Bright, wispy-looking fractures reach across the rugged, icy landscape of Dione.
See PIA06163 for a close-up view of Dione's icy canyons.
The medium-sized crater Dido, with its prominent central peak, sits just right of the terminator, below center.
This view looks toward the Saturn-facing side of Dione (1,123 kilometers, or 698 miles across). North is toward the top and rotated six degrees to the left.
The image was taken in visible light with the Cassini spacecraft narrow-angle camera on July 21, 2008. The view was acquired at a distance of approximately 290,000 kilometers (180,000 miles) from Dione and at a Sun-Dione-spacecraft, or phase, angle of 89 degrees. Image scale is 2 kilometers (1 mile) per pixel.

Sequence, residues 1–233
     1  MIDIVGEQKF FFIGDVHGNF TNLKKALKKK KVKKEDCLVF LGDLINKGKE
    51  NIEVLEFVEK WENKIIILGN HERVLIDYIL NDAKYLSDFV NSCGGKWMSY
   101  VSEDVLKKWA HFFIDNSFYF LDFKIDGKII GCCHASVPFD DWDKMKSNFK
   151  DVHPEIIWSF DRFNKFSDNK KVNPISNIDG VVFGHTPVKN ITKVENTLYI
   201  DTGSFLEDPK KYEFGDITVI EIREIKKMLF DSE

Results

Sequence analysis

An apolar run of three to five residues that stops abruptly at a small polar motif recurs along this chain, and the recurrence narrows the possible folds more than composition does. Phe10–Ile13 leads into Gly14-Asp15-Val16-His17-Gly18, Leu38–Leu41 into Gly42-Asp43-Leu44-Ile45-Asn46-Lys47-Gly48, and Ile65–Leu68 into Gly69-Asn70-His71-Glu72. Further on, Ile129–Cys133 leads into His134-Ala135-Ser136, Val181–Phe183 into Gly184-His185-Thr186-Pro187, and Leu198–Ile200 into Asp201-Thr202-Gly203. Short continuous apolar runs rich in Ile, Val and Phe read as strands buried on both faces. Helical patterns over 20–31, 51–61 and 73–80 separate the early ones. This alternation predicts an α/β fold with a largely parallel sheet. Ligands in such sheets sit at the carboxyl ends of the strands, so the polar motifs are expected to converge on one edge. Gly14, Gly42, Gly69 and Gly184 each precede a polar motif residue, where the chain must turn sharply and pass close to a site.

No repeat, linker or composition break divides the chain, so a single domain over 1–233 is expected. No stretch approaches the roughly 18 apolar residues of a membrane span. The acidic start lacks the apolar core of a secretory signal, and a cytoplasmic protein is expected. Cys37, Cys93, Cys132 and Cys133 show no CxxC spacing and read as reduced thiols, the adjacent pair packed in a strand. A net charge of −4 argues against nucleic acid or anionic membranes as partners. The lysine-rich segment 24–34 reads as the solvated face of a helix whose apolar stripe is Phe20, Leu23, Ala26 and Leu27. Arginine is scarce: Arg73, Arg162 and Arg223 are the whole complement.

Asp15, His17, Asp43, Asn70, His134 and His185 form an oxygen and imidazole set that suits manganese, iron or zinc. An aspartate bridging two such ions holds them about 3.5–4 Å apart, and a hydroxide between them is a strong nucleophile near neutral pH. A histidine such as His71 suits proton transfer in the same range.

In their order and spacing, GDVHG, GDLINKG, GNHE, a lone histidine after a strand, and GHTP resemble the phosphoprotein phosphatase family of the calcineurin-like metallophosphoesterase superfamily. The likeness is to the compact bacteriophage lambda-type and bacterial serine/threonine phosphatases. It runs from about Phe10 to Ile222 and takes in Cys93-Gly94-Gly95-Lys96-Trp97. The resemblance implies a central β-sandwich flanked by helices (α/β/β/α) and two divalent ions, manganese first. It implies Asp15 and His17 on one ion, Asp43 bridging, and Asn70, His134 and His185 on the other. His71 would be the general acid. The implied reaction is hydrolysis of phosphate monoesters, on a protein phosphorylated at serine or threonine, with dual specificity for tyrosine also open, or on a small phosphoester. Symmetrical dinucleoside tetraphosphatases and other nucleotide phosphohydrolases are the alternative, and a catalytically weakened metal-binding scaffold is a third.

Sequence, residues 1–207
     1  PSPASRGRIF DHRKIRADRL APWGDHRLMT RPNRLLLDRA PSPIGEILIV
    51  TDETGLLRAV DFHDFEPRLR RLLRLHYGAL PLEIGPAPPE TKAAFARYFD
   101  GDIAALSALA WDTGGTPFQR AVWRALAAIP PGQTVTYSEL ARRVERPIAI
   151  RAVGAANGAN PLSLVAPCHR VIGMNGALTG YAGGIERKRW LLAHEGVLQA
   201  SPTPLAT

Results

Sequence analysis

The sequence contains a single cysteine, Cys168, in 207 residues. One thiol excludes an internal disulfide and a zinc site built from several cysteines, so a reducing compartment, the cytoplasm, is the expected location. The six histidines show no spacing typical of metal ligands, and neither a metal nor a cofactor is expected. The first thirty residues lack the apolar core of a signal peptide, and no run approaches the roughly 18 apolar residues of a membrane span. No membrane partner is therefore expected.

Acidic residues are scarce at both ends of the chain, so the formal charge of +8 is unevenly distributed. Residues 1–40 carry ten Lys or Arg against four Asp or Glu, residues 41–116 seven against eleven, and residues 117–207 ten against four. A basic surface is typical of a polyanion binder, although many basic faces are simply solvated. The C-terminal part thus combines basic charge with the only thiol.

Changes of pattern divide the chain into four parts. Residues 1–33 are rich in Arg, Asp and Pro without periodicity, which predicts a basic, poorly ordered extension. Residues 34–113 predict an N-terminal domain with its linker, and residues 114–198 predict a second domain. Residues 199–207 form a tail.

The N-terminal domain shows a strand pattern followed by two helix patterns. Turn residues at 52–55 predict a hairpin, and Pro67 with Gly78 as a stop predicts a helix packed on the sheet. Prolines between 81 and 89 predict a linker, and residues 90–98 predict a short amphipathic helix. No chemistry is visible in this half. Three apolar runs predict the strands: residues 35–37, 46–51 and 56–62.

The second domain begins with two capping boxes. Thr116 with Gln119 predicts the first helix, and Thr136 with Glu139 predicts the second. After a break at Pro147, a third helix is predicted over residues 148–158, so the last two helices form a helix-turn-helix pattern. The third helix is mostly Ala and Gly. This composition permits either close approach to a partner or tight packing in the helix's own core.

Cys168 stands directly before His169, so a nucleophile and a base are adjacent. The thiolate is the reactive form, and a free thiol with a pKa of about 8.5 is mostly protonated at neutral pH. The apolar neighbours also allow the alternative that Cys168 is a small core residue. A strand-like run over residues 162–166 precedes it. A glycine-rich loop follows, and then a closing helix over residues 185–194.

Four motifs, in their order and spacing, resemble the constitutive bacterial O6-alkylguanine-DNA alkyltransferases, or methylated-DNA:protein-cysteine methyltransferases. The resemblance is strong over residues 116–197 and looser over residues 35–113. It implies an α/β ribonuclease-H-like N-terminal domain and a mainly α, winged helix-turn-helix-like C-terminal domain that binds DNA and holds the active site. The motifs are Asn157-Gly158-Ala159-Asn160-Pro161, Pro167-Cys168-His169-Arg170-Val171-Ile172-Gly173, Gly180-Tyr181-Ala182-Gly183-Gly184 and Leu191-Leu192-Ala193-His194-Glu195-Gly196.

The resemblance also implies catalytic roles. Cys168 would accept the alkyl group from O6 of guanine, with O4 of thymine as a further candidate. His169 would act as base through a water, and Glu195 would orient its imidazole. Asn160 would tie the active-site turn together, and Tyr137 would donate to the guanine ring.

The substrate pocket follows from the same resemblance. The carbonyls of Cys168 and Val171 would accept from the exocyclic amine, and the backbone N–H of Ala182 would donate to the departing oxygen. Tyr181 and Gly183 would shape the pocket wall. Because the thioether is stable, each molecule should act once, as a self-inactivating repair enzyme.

The Cassini-Huygens mission is a cooperative project of NASA, the European Space Agency and the Italian Space Agency. The Jet Propulsion Laboratory, a division of the California Institute of Technology in Pasadena, manages the mission for NASA's Science Mission Directorate, Washington, D.C. The Cassini orbiter and its two onboard cameras were designed, developed and assembled at JPL. The imaging operations center is based at the Space Science Institute in Boulder, Colo.
For more information about the Cassini-Huygens mission visit http://saturn.jpl.nasa.gov/. The Cassini imaging team homepage is at http://ciclops.org.